See the Harrowing Effects of Radiation in the 1900s

Clarence Madison Dally dedicated his life - and body - science. See this shocking photo of the physical effects of his studies on his body.
Clarence Madison Dally Hand

As hard as it is to imagine, this is a real person’s hand. Specifically, this is the hand of X-ray technician Clarence Madison Dally. Clarence worked around X-Rays in their early days of development. Because of this, he was around massive amounts of radiation exposure.

So, how and why did his hand become so deeply decayed and damaged? Let’s dive in!

How Clarence Had His Hands Damaged

Clarence Madison Dally, born in 1865, was born to a family of glassblowers who worked for Edison Lamp Works. Clarence worked with his family after serving in the Navy for six years. He later went on to work as an assistant for Thomas Edison on incandescent lamp and X-ray experiments.

He was working as an X-ray technician when X-rays were an entirely new concept. At the time, people did not know the dangerous effects of massive amounts of exposure radiation on the body. Repeat and excessive radiation exposure from testing lead to Clarence developing cancer and significant radiation damage to his hands and face. 

What Happened to Clarence Madison Dally?

In an effort to stop the cancer and save his life, Clarence had both his arms amputated. These efforts were unsuccessful, as Clarence later died from cancer. As science has evolved, we have become more aware of the harmfulness of radiation and X-rays. We have also learned to limit our exposure and better protect ourselves. Because of his efforts and experimentation, Dally is thought to be the “first American to die from the effects of experimentation with radiation.”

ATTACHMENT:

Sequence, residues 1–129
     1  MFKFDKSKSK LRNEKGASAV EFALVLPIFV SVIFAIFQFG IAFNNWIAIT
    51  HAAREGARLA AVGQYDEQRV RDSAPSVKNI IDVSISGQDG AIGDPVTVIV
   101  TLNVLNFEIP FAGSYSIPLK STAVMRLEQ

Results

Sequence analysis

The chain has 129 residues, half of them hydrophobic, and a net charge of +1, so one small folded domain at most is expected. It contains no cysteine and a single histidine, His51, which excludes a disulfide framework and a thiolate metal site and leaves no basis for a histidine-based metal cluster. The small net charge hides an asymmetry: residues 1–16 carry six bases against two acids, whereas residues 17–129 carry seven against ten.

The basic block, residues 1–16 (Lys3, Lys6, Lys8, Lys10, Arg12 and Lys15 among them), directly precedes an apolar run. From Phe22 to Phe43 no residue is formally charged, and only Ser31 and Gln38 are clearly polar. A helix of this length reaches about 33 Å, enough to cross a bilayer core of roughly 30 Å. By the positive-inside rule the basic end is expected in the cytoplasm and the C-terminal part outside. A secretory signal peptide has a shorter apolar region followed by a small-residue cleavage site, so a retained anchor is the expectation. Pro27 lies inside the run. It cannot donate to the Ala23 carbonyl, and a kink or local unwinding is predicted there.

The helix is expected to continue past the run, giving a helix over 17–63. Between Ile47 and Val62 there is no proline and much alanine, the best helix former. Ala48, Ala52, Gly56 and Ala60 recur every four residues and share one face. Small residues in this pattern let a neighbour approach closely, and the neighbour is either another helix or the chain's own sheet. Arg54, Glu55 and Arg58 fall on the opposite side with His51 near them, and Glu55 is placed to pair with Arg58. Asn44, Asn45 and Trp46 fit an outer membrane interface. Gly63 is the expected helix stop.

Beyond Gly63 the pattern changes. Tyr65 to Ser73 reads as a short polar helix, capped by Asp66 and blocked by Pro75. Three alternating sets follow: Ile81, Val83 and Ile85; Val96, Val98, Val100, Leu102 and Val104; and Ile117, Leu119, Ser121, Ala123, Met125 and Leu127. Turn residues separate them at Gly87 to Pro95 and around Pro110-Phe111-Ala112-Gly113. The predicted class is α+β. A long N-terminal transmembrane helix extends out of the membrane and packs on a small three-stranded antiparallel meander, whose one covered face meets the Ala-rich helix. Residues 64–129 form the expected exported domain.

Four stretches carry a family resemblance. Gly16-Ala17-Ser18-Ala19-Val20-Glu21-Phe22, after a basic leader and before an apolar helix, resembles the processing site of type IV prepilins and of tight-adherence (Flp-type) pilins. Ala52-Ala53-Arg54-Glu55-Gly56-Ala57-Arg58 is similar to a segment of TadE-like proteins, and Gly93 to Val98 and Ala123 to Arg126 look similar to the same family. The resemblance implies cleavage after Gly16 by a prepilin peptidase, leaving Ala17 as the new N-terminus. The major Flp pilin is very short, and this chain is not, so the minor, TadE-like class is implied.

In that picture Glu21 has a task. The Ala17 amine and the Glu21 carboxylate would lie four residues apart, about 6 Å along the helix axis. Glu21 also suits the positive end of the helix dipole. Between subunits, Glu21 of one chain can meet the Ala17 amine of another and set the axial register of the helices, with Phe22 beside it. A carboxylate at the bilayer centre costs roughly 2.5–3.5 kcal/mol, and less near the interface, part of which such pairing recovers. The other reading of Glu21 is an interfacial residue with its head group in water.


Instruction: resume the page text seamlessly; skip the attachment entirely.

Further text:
The Legacy of Clarence Madison Dally

Because of Clarence and his life’s work, we learned more about the dangers of X-rays and have made strides to protect ourselves.

Fast-forward to 2022, we know that excessive exposure to radiation has enough energy in it to cause damage to our DNA and cause cancer. This doesn’t just affect doctors and scientists. Anyone who gets an X-ray or a CT scan is exposing them to a set amount of radiation. 

Also, interestingly enough, when you are diagnosed with cancer you can undergo chemotherapy and radiation therapy to kill the cancer in your body. Depending on which stage of cancer and how aggressive a form it is, the doctor will recommend an appropriate treatment. But in some instances to stop the cancer that is destroying your body you have to expose your body to radiation. We now know that radiation can also lead to a second cancer growing and long term health issues. 

While doctors and the medical field have long advanced from the days of Clarence Madison Dally, we still have a lot of work to do in terms of combatting terminal diseases and radiation exposure.

Like learning about historical photos? Check out the story behind this electrifying photo!

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